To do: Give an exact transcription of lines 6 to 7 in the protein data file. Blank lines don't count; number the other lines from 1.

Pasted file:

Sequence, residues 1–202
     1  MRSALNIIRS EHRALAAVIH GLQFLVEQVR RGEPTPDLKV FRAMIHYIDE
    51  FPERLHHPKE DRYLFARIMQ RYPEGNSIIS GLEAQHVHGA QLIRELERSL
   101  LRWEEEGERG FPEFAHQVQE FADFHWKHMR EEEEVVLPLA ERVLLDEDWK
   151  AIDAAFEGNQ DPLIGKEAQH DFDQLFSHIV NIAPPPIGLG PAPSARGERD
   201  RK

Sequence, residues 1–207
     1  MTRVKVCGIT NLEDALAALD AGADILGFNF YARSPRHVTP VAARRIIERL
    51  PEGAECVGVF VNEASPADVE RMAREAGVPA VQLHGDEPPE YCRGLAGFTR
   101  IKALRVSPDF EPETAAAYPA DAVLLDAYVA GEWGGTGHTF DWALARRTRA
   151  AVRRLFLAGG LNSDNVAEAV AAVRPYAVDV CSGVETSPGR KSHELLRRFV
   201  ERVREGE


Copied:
   201  RK

Sequence, residues 1–207